Many of my writer friends appear to be in the middle of revising their manuscripts.  I can tell because they are making the noises I hear when I hurry past the waxing section of the salon.  To ease the sting, I thought I’d share how I revise these days.

First, go read this.  It is the most helpful revising strategy I have ever found — Elana Johnson is brilliant.  Her plan makes revising seem possible.  (Not painless, because no one is that brilliant, but possible.)

Back?  Okay.  So when I’ve finished a complete manuscript, I do what Elana suggests.  But I do mini-revisions every 100 pages or so.  I finish a 100 page section, send it off to my long-suffering and amazing beta reader, and while I’m waiting to hear from her, I go back 100 pages, revisit her comments on that section (much easier to do now that some time has passed) consult my own notes that I’ve scribbled off to the side, and whip that puppy into shape.  Around the time I’ve finished, beta reader extraordinaire will have sent back the newest segment.  I read through her comments, flag any that I need to keep in mind going forward, and stick the whole package in a deep, dark drawer to rest. (Or compost, depending how I’m feeling) until it’s that section’s turn for attention.  Then it’s off to write the newest section.

Sometimes a comment from my beta or an inspiration means going all the way back to the beginning.  For example, the manuscript I’m working on right now has several points of view, told in alternating chapters.  One character is not behaving, and I’ve just figured out why.  That means pulling out every chapter that’s told from her point of view and working on them together to make her voice more believable and her actions seamless.  (For stuff like this, I ‘m finally seeing the value of Scrivener.)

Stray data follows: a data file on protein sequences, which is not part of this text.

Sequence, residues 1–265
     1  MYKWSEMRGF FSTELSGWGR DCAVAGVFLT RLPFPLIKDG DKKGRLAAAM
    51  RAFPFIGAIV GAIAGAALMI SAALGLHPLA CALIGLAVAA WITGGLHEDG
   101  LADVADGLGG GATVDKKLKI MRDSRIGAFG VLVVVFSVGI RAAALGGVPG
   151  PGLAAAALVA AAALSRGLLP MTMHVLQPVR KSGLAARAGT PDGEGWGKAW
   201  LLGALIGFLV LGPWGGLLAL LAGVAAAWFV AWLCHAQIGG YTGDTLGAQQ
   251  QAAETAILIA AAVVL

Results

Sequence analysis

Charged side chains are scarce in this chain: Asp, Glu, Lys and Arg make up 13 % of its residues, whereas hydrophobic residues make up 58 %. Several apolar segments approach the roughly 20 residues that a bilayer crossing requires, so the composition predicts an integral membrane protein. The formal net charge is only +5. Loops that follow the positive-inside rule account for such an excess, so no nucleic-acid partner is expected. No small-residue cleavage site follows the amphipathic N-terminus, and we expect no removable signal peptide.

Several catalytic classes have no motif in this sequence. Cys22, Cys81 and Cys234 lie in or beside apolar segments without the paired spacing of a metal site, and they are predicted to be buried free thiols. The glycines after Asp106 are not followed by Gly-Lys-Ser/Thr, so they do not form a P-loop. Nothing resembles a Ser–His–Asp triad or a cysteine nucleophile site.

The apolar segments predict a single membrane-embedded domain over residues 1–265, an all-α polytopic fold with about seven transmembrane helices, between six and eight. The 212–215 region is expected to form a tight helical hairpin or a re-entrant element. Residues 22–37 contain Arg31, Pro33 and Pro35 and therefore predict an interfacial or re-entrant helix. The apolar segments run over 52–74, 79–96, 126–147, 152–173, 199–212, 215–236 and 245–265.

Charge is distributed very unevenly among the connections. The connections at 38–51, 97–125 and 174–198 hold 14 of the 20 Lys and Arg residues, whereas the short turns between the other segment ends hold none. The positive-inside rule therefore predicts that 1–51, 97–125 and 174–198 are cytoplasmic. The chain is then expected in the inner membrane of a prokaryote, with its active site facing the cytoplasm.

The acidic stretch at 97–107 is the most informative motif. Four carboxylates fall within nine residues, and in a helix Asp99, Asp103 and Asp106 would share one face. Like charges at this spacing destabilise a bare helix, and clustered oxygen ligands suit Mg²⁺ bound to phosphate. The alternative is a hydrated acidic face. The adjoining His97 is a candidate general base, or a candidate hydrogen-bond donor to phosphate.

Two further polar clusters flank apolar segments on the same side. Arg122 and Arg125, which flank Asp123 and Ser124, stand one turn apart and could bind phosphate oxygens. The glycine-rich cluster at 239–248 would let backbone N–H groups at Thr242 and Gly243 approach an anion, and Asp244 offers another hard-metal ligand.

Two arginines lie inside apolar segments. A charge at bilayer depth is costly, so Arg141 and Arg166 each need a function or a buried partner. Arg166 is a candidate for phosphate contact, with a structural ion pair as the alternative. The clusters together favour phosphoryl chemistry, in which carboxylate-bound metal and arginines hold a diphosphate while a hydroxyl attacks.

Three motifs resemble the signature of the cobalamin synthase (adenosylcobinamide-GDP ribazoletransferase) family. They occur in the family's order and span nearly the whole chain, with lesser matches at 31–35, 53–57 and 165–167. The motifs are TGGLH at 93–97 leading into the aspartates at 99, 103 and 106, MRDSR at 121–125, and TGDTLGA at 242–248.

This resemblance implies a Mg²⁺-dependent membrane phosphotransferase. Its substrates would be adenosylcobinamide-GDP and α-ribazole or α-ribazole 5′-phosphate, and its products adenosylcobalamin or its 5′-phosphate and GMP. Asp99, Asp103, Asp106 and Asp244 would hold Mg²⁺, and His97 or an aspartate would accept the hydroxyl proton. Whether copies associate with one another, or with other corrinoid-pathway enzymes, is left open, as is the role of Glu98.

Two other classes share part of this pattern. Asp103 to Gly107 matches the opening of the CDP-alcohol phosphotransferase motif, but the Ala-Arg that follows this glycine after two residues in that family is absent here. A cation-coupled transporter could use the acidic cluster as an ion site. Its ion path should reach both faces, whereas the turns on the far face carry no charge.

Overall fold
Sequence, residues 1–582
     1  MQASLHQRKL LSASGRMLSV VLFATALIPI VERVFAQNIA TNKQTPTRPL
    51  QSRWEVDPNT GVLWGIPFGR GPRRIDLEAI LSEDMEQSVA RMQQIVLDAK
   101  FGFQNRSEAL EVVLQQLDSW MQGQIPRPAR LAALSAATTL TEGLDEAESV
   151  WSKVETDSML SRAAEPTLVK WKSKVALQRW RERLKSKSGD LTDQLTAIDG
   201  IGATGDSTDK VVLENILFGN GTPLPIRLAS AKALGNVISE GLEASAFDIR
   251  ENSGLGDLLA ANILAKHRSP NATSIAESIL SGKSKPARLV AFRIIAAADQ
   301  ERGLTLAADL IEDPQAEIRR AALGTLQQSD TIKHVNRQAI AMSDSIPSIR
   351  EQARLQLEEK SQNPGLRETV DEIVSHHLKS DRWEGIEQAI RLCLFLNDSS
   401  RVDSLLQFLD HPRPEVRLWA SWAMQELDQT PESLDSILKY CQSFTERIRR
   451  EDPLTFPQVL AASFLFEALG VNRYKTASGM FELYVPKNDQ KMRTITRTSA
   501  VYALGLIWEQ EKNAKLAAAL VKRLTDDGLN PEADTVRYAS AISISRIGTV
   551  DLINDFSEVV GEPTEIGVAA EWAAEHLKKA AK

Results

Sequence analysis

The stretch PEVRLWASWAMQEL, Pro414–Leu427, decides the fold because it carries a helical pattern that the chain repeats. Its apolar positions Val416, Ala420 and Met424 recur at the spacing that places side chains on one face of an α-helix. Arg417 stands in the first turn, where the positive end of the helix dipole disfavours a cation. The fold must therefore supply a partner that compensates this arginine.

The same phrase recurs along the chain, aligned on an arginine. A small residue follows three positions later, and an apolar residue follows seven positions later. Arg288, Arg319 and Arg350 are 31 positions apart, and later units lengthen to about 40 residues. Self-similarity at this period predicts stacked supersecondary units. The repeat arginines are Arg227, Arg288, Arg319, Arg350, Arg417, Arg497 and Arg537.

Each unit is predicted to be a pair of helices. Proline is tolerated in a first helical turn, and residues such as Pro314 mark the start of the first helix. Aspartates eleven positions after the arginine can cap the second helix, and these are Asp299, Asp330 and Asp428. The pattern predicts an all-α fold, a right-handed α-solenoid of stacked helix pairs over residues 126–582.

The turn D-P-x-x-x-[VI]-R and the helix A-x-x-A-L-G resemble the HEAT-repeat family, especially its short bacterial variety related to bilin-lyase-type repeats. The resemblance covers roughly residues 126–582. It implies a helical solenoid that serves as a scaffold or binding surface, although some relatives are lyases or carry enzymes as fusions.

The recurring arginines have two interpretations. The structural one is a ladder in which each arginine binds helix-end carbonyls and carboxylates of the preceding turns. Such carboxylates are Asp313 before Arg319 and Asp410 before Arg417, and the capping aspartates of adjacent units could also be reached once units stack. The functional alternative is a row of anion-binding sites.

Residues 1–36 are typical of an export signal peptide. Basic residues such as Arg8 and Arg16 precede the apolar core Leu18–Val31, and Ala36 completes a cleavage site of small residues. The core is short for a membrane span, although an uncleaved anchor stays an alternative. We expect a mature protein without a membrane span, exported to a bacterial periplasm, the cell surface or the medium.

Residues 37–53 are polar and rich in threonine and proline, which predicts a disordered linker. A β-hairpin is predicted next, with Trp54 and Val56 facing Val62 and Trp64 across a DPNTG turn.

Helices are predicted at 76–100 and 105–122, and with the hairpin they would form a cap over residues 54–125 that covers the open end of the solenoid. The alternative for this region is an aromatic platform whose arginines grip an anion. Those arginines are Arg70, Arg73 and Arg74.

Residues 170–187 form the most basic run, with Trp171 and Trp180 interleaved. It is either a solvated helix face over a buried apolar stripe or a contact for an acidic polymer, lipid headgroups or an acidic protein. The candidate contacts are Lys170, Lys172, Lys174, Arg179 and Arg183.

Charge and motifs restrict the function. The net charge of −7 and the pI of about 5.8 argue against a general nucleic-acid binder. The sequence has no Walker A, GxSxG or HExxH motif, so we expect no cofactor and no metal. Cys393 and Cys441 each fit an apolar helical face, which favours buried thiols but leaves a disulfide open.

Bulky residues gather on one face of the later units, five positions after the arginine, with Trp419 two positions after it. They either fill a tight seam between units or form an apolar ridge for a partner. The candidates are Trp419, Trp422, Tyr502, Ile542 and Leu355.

Revising in stages like this might not work for everyone, but I like feeling that my manuscript isn’t  an enormous mess when I type ‘the end’ — somehow chunking it as I go makes revising less intimidating.

How about you?  Do you revise in stages, at the end, or both?


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Liz Michalski


  1. vaughnroycroft on September 18, 2012 at 10:37 am

    First, great article from Elana. I read it quickly, but have it bookmarked.

    This is the first time I’ve broken a revision down into chunks, based on story-structure beats (from Cathy Yardley’s excellent book Rock Your Plot). Then I did a ‘Scene Outline’ judging each scene for its impact on Story Question. It was tough but worth it, now that I’m finally laying the scenes into place from the beginning.

    I know I’ve been making those ‘waxing room’ sounds thoughout. I don’t think I’ve whined so much about anything since my mom wouldn’t let me buy my friend’s mini motorcycle when I was 13.

    Thanks for the link and for sharing your process, Liz. It’s good to know I’m not alone (even if I’m the biggest whiner).

    • liz on September 18, 2012 at 12:01 pm

      Add my voice to the cries too, Vaughn — revising definitely isn’t fun. (Did you wind up buying a full-sized motorcycle later in life? That’s what I wound up doing when the ‘rents vetoed the pony.) Glad you found the link helpful. And I’m adding Rock Your Plot to my must-read list, since you aren’t the first one to recommend it to me.

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